ABUJA: Nigeria spent 1.94 trillion naira ($4.7 billion) to service its debt in the first four months of this year, higher than public revenue of 1.67 trillion naira generated during the same period, a ministry of finance document published on Friday showed.
Nigeria’s debt costs are usually below revenue. For decades, the country relied on oil revenue to fund its budget but crude output is at its lowest in years due to theft and vandalism of pipelines. An archaic tax collection system also means the government is unable to broaden its tax base.
The finance ministry’s Fiscal Strategy Paper dated July 21 showed that of total spending of 4.72 trillion naira between January-April, 1.94 trillion naira went towards debt servicing, the single biggest cost for the government.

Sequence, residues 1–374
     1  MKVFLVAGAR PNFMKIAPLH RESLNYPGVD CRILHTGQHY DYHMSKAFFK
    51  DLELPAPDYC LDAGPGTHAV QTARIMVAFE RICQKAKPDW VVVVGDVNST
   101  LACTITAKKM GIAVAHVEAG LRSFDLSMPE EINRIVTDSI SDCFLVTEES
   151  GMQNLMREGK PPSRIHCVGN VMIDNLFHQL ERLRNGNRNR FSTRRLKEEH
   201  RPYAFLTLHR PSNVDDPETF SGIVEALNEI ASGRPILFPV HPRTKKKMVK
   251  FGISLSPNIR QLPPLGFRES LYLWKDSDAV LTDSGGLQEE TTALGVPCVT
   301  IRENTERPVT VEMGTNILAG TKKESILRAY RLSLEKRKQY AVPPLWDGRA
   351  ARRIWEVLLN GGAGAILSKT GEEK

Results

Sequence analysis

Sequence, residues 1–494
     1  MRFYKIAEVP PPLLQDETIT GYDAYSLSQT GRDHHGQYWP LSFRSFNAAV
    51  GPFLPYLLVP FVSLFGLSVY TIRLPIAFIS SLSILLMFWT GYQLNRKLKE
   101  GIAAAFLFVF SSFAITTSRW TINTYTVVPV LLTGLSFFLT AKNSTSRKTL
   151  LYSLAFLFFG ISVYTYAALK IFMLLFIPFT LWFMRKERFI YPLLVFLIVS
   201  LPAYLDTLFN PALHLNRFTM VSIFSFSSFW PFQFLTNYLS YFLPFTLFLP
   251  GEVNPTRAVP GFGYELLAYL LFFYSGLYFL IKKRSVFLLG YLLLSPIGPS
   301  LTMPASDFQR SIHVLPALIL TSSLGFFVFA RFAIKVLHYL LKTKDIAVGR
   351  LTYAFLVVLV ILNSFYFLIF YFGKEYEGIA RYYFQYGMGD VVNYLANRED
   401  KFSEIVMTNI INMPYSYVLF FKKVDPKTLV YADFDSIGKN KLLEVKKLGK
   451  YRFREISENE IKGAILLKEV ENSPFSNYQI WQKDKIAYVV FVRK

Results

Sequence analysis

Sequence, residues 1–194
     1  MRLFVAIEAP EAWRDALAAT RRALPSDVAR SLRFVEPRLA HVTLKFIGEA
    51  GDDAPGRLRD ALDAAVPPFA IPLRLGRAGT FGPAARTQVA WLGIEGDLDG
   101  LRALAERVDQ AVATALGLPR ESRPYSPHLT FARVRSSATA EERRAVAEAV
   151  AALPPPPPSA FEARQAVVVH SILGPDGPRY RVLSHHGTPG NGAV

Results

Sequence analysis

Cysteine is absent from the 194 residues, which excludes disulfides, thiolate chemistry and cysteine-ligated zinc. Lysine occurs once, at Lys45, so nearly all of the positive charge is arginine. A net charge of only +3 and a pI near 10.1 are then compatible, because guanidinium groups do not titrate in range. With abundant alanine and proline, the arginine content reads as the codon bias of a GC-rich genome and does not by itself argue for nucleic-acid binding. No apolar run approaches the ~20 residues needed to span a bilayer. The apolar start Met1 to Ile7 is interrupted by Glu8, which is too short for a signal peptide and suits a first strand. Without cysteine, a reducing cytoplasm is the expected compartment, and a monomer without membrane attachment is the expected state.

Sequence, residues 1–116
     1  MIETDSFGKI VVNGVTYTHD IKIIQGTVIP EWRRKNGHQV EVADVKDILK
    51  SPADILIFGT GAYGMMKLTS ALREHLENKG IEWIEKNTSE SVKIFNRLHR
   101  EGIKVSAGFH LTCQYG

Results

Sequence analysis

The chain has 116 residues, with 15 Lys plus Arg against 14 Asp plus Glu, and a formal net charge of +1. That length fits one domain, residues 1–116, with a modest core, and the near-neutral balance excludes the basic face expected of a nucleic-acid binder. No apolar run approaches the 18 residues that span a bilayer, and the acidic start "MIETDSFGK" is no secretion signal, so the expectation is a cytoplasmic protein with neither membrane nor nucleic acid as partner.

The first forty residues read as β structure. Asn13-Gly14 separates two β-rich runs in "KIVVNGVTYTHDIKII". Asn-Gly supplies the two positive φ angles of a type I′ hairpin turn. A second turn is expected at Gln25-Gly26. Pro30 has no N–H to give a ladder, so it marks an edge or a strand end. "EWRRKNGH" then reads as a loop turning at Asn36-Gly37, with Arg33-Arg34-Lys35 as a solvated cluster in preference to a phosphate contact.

That means for every dollar spent by the government, 41 cents went to paying debts.
Nigeria’s government revenue amounts to only 7.5% of its gross domestic product, among the lowest in the world, according to the International Monetary Fund. In sub-Saharan peers like South Africa it is above 20%.
Africa’s biggest economy is not generating enough revenue, analysts say, warning that the country will have to continue borrowing to repay its debt, leaving little to spend on health, education and infrastructure.
Total public debt stood at $95.8 billion at the end of 2021, giving a debt-to-gross domestic product ratio of 22.47%, still within the 40% limit set by the government.
But Central Bank of Nigeria Governor Godwin Emefiele earlier this week expressed concern over the sustainability of the country’s debt and urged the government to urgently diversify its revenue sources.